Buying Opportunity

Posted by Claus Vogt

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On Thursday of last week, gold hit an all-time high of $1,227 an ounce. Since then, gold’s price is down to $1,145 per ounce for a quick loss of nearly 7 percent.

Strong U.S. employment data were cited as the reason behind this move and other fireworks in the financial markets.

After the data release stock prices shot up, but finally closed way below the day’s high. That’s a rather disappointing outcome for bulls expecting a year-end rally to begin soon.

The dollar also caught a bid and rose two cents against the Euro — not giving back this gain later on.

Lastly, Treasury bonds got hit hard, down more than a full point, extending a losing streak which cut 30-year bond prices by four points in as many days, another very sharp move.

The technical pictures of all of these markets were already weak and point to an overdue correction. The release of better-than-expected employment data seemed to be a welcome trigger — but nothing more.

For some clarity, let’s take a closer look at the dollar versus the euro …

A Normal Short-Term Euro Correction

After rising from below 1.30 to slightly above 1.50, or 15 percent in seven months, some kind of a correction should be accepted as normal.

First, technical support comes in at 1.45. If the Euro declines to this level, it’ll mean that nothing spectacular happened, just a normal flow of the tides. Hence, it’s not yet time to make much out of this short-term reversal.

After a month-long rise, a larger correction is not a surprise.


Then There’s the Amex Gold Bugs Index …

As you can see on the chart, just a few days ago this gold mining index was back to its all-time high of early 2008. It’s the first index having achieved that feat. This extraordinary absolute and relative technical strength is containing a very bullish medium- and long-term message for this sector. I fully expect an outbreak to new highs and more spectacular gains to follow relatively soon.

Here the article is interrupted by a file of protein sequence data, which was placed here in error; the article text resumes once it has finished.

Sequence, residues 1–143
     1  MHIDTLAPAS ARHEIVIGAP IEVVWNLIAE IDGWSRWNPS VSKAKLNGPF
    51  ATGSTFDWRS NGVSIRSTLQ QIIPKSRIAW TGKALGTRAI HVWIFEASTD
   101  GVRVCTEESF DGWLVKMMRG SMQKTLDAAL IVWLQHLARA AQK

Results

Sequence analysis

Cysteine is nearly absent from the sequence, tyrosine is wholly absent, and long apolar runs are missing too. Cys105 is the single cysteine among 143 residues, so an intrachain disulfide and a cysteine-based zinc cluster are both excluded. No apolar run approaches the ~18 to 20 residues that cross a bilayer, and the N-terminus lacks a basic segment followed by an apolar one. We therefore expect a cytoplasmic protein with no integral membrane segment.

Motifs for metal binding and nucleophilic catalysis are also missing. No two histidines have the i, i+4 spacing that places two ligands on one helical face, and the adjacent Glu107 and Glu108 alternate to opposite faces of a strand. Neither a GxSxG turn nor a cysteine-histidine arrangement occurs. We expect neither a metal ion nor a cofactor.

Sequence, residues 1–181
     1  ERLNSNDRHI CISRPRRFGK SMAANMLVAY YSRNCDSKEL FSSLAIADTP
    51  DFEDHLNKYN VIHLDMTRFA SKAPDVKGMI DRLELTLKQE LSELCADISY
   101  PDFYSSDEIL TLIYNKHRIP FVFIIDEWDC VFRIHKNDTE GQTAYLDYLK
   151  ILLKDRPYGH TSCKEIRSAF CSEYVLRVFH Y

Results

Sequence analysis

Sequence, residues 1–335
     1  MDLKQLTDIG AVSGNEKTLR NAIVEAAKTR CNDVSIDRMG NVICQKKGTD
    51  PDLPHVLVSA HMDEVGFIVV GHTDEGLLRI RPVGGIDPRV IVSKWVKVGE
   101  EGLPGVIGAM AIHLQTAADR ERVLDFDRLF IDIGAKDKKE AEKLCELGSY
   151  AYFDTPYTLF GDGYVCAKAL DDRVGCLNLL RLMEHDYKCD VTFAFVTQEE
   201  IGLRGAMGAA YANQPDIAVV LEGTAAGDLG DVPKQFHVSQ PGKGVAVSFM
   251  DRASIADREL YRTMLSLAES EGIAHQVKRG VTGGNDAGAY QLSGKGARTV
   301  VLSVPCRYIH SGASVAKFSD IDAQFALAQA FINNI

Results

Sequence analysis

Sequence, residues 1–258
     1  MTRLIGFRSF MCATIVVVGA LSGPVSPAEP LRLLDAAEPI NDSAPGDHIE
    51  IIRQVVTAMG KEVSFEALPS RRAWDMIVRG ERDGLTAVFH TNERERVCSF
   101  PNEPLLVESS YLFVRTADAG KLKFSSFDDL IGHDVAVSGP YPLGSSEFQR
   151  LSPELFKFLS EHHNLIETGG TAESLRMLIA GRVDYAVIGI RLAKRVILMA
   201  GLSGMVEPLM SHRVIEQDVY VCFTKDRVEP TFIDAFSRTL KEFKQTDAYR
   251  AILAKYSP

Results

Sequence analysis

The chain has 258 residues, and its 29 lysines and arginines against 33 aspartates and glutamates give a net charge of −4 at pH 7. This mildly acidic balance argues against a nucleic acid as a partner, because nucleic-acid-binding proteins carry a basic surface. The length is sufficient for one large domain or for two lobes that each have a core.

But a short-term correction beginning at this distinctive point definitely wouldn’t hurt. It’s a typical resistance area. To take a deep breather here could be just what the doctor ordered to get in the right shape to stage the next huge rally phase.


After returning to the all-time high of 2008 some kind of a correction is but a healthy and refreshing move.

Bottom Line: Gold’s Medium-Term Uptrend Is Still Healthy

Finally, let’s look at gold’s price chart. After the breakout of this huge consolidation formation at approximately $1,000 an ounce, a fast uptrend followed, lifting gold’s price by about 20 percent.


This very healthy trend does not exhibit any signs of weakening. There are no negative divergences or even short-term trend breaks. This medium-term uptrend is fully intact.

At this stage of the bull market I expect no more than a short-term correction lasting just a few weeks. And I see no change to the fundamental picture, either.

I expect the current correction to turn out as nothing more than a short-term hiccup, akin to the correction of November 2007. It may last a few weeks and bring prices down a bit more. But in the end it will turn out to be just another buying opportunity.

Best wishes,



Claus Vogt is the editor of Sicheres Geld, the first and largest-circulation contrarian investment letter in Europe. Although the publication is based on Martin Weiss’ Safe Money, Mr. Vogt has provided new, independent insights and amazingly accurate forecasts that, in turn, have contributed great value to Safe Money itself.

Mr. Vogt is the co-author of the German bestseller, Das Greenspan Dossier, where he predicted, well ahead of time, the sequence of events that have unfolded since, including the U.S. housing bust, the U.S. recession, the demise of Fannie Mae and Freddie Mac, as well as the financial system crisis.

He is also the editor of the German edition of Weiss Research’s International ETF Trader, which has delivered overall gains (including losers) in the high double digits even while the U.S. stock market suffered its worst year since 1932.

His analysis and insights will be appearing regularly in Money and Markets.

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